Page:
The Austin Chronicle

Body Parts

Rated R, 88 min. Directed by Eric Red. Starring Jeff Fahey, Brad Dourif.

REVIEWED By Marc Savlov, Fri., Aug. 9, 1991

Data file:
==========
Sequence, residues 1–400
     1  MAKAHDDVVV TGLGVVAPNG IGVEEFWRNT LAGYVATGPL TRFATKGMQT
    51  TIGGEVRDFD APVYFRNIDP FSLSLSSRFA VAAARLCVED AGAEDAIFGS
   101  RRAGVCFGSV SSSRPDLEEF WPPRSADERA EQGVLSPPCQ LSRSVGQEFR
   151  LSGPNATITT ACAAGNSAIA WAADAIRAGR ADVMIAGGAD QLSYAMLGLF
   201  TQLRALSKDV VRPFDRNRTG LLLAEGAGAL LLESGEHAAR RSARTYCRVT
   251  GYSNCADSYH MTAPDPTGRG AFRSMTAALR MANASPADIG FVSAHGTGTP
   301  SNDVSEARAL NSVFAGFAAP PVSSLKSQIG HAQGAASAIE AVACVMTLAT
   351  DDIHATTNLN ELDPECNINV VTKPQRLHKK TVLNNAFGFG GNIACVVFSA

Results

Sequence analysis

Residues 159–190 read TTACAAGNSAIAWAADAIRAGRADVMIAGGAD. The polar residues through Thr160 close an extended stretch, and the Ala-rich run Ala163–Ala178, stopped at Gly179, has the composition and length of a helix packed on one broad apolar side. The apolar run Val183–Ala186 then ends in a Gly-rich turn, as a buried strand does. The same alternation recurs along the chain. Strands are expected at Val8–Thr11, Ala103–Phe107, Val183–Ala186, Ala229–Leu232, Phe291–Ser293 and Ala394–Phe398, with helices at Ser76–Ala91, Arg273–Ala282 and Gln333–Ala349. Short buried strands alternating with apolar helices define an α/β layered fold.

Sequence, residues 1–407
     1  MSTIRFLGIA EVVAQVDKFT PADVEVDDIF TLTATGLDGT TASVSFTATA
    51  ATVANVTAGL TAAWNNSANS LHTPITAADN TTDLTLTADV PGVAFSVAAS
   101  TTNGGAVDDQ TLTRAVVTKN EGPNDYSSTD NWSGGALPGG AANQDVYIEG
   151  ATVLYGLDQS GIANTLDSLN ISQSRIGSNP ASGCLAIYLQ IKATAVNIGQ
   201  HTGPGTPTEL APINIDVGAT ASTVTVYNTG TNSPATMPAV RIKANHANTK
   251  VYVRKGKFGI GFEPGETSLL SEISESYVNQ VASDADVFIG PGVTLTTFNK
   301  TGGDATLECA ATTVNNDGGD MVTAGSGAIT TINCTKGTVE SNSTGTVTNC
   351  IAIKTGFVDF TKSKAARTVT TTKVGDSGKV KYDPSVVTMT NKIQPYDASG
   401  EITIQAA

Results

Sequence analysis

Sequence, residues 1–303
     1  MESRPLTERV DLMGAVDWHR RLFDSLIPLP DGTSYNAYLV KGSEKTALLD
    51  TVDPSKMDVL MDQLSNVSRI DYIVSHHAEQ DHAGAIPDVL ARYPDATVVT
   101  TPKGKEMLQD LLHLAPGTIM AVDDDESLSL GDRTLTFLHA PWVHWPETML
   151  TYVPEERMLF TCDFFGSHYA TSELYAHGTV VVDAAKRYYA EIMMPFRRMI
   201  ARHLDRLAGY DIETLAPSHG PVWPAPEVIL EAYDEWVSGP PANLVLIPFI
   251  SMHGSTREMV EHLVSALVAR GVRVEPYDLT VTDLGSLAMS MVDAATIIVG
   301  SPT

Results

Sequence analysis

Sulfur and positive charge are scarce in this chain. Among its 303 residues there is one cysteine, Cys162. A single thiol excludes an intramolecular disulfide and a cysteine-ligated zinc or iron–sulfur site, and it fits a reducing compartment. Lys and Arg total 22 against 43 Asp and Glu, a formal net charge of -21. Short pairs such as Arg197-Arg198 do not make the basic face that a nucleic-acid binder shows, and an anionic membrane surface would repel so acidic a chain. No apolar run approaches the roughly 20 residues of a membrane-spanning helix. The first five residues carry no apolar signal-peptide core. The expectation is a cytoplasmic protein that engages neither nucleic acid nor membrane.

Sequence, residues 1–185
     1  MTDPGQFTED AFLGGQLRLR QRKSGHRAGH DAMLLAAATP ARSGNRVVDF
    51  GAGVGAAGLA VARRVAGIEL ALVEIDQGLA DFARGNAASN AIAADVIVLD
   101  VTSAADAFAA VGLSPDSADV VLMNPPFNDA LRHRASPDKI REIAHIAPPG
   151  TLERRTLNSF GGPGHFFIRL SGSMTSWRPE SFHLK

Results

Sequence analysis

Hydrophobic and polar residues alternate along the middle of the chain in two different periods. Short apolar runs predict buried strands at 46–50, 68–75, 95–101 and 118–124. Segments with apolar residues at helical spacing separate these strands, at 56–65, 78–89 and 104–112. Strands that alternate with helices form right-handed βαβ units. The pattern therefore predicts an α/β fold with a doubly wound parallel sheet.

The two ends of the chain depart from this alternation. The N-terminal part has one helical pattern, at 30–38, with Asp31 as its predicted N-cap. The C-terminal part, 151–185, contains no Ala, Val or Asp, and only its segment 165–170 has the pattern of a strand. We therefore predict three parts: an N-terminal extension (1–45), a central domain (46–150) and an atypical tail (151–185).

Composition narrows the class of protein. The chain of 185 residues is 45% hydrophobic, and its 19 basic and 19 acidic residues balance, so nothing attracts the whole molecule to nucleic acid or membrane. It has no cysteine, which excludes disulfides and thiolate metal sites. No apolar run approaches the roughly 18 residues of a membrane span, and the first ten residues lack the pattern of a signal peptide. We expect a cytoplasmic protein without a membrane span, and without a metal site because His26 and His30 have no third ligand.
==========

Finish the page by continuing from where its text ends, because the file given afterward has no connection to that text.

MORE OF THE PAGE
Director Red, whose previous credits include the screenplays for The Hitcher and Near Dark (two of the best horror/thrillers of the mid-eighties), spent a lot of time piloting a cab around NYC before being tagged to helm Body Parts . Maybe it's some sort of creeping Travis Bickle syndrome, but his newest effort is about as chilling as a trip to Tastee-Freeze. Fahey is a criminal psychologist who loses his arm in a spectacular rush-hour collision. After undergoing a bit of the old “experimental treatment,” Fahey finds that he has been given the arm of a ruthless killer, and, as if that weren't bad enough, the new appendage seems to have a will of its own: it bops his kids in the chops and caresses his wife with something less than tenderness in ways that the old arm never would have. From here on in, Body Parts seems to dissolve into the confused sort of mishmash that hasn't really been seen since Frankenstein Unbound. It seems the psychotic Donor From Hell had not one, but all of his limbs transplanted onto various worthy folks, and now he wants them back. Or something like that, anyway. I'm not really sure, and you won't be either, I think. There's way too much story line cribbed from that awful Michael Caine/Oliver Stone vehicle The Hand, but that's not the heart of the problem. What really nails this film to the Grade Z cross is a marvelously pathetic breakdown in plot logistics that only Ed Wood, Jr. could love. And I mean that in the best sense of the term. Really. It's as if mid-script rewrites were done in the midst of shooting, without the benefit of informing anyone even remotely related to the film. Brad Dourif turns in another of his patented Unlovable Weirdo roles, and there's some hilariously unintentional humor here, but besides that, Body Parts is about as effective as a prosthetic nostril.

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